NDA’s Digital Women series is talking to leaders from across our industry to understand the particular challenges, and opportunities faced by women. Next up is Anastasia Leng, CEO and Founder) of CreativeX.
What is the biggest opportunity for women in your sector of the digital industry today?
The biggest opportunity for women is to continue being vocal about their perspectives, which have, historically, been overlooked.
Take Pinterest as an example: When it first launched, investors couldn’t wrap their head around the fact that scrapbooking, or pinning, would be a mass behaviour, bucketing it instead as a niche female activity. That “niche female activity” is now enjoyed by 433 million people on a monthly basis. There are millions of ideas that have been ignored because the people who have historically been charged with evaluating them tend to skew towards a specific perspective and lens of looking at the world, typically one of a relatively affluent white male.
As the venture industry has evolved, women (and really anyone who’s been underrepresented in technology and business) have a larger-than-ever-before window to secure resources to build something that taps into the challenges and needs of their particular demographic, which, if Pinterest is any indication, could change the way millions of people go about their day. Female voices carry more power than ever before, and it’s important we use them to advocate for the things we care about.
Further, and irrespective of gender, there’s a great opportunity that lies in our ability to merge two seemingly disconnected disciplines into one. A vast 84% of marketing content is visual yet it’s the least understood and analysed element of the marketing mix despite the creative being the largest contributor to sales uplift (i.e., Nielsen, at 47%), yet creative and analytics teams continue to be thought of as mutually exclusive.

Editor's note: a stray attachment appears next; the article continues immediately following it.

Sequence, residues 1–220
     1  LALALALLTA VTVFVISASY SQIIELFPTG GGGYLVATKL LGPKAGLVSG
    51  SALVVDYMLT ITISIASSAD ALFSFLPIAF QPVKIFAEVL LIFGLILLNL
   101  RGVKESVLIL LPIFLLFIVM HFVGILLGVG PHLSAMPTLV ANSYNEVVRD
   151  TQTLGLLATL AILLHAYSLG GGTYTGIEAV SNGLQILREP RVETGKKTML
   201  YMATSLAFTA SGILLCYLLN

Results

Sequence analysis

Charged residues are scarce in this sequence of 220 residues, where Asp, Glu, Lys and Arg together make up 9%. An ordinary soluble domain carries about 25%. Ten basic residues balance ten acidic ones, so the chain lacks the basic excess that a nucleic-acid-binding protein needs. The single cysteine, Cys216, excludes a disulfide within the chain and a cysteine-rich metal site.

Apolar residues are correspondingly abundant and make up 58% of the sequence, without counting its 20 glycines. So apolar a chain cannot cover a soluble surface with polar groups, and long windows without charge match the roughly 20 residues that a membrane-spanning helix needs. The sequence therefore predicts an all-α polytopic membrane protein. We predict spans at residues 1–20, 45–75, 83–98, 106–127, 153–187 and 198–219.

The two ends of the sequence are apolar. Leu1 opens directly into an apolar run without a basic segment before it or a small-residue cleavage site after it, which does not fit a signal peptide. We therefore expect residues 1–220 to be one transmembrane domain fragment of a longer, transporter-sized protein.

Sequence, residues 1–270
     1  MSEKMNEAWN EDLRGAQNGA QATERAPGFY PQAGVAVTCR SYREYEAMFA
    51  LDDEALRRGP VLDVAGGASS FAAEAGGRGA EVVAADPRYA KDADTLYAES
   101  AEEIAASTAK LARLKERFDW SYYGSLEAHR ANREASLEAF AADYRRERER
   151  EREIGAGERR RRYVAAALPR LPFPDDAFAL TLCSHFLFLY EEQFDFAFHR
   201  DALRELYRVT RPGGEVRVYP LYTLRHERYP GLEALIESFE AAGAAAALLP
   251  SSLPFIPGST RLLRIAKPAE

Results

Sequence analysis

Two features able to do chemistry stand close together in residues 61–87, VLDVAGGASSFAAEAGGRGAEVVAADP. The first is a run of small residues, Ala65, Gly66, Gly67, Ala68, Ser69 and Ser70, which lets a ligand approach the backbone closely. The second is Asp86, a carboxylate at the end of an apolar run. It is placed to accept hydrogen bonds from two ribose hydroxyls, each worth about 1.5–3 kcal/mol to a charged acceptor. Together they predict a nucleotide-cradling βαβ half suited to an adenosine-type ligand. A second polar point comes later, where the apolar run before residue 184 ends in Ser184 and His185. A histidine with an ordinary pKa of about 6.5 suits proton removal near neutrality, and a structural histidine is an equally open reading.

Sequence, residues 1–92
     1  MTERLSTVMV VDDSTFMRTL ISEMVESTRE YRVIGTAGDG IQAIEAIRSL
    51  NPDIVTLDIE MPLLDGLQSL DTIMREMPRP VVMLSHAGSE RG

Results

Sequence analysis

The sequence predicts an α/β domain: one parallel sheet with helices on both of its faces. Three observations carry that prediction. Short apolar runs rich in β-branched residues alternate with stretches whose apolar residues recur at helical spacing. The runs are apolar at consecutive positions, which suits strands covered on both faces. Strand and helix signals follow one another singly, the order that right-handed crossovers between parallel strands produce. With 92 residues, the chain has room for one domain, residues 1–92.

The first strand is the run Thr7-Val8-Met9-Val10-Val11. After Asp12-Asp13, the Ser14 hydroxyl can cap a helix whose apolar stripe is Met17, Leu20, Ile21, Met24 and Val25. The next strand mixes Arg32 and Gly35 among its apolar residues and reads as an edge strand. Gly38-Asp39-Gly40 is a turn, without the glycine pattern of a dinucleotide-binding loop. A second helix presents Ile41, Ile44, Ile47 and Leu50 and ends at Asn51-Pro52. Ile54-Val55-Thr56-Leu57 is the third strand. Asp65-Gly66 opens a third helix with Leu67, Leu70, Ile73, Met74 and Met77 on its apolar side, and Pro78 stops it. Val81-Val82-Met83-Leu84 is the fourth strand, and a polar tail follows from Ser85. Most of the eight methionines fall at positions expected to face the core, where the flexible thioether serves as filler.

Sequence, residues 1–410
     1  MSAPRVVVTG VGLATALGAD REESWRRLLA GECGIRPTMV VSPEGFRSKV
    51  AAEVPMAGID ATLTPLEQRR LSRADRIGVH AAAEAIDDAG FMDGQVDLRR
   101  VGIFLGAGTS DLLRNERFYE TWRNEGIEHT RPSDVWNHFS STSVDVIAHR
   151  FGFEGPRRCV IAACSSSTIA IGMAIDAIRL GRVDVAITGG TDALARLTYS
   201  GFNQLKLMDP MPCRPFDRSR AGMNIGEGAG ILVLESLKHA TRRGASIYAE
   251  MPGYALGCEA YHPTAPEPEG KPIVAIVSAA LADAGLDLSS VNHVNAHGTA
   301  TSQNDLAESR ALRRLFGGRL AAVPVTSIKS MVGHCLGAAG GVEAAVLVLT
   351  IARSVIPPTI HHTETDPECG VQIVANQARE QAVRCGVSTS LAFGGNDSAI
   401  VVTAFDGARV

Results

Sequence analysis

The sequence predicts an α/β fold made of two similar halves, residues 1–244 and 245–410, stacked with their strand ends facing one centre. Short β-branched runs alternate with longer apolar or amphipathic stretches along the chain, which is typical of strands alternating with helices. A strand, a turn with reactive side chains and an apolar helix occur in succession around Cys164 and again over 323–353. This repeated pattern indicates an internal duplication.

I believe those who start to fuse them together and learn to equally value these two seemingly disparate skill sets, by becoming creative analysts or analytical creatives, will be leading brands and marketing organisations a decade from now.
What is the biggest challenge to you as a woman in the digital industry and how are you overcoming it?
Starting a company is not for the faint- hearted. Starting a company as a woman came with challenges I didn’t foresee. I struggled to raise our first financing round and in my never-ending quest for more data, I made a spreadsheet where I kept meticulous track of every investor meeting in a structured way: how the introduction came about, what I said during those meetings, and even what I wore.
I learned that intros from folks who knew me professionally carried more weight than those who knew me socially, that being slightly combative in those first meetings was good, and that the more masculine I made myself look and sound (hair up, trousers, trainers, etc), the better I seemed to do.
Subconsciously, investors wanted to see traits of previously successful founders in me to help fuel their pattern recognition. It wasn’t conscious, and I certainly don’t think it was mal-intentioned; there are countless psychology experiments that demonstrate we make decisions based on existing pattern recognition.
However, I still never saw my sex as an impediment to being in business, until I decided to start a family. I was in the last stages of raising my Series A, and I told a partner at a VC firm that I was pregnant but would only take 4 weeks off, would be available during that time, and had the right support around me post-partum (my decision about my own maternity leave still fills me with a bit of shame as it’s certainly not something I would advocate to others, but at that time of our company’s journey, that’s what was required).
Despite that, the investor decided to pull out, citing concerns that they feared I wouldn’t want to return to work if I had a child; they almost couldn’t compute that I could simultaneously be a CEO and a mother.
I’m not the first woman to experience these challenges, and I certainly won’t be the last. That’s why I lean on the side of over-sharing, so that others who are in the earlier stages of the journey know they aren’t alone, and that often it’s not about them personally, but the work we have to do to change perceptions as a whole.
What three things could employer companies do to make the digital industry better for women?
The first is to recognise that people who make hiring and promotion decisions all come with unconscious biases. The more employers move to blind CV screening, for instance, or have a structured way of thinking about promotions, the more merit-based and less prone to bias our hiring and promotion decisions will be. This will help advance not only women, but really anyone who may not fit the traditional, or historical, mould of what a senior leader is meant to “look like.”